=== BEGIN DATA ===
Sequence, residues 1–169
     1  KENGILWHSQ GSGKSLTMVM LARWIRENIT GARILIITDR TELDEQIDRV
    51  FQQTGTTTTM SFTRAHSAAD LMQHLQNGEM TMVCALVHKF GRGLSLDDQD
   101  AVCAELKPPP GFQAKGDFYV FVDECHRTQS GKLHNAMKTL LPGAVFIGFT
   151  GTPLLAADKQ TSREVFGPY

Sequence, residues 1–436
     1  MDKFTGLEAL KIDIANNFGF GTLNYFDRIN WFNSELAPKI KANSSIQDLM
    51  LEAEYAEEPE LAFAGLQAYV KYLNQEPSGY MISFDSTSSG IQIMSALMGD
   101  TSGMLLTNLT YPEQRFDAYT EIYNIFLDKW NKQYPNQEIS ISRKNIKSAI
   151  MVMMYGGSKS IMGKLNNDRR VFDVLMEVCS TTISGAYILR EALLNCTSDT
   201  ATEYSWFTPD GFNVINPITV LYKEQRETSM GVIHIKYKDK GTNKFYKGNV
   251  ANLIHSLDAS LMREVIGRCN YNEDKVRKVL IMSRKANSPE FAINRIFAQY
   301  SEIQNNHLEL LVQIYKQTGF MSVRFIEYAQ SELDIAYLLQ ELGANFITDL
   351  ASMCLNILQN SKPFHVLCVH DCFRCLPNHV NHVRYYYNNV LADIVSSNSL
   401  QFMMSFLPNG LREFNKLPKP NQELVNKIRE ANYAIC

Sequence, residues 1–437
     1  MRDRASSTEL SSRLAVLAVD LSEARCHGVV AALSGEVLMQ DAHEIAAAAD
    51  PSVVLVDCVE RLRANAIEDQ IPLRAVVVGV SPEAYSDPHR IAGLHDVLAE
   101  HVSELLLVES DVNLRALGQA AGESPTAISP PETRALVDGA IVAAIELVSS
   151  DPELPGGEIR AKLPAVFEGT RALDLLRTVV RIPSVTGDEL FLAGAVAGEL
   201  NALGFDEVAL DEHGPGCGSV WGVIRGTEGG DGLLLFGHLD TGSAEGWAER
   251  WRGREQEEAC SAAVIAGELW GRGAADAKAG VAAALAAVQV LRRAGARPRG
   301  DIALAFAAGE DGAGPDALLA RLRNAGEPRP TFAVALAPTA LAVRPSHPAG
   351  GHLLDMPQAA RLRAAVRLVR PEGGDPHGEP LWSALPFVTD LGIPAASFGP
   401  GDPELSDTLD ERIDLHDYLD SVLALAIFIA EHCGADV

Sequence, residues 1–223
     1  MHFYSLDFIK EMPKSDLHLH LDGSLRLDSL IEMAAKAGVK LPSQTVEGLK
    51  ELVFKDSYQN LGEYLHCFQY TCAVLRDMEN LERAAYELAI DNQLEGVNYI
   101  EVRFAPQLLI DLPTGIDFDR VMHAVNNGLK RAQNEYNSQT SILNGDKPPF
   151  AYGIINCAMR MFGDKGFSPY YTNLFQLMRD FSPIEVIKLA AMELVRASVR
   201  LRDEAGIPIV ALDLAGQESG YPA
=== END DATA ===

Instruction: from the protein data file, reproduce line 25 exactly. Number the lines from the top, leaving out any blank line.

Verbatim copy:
   401  GDPELSDTLD ERIDLHDYLD SVLALAIFIA EHCGADV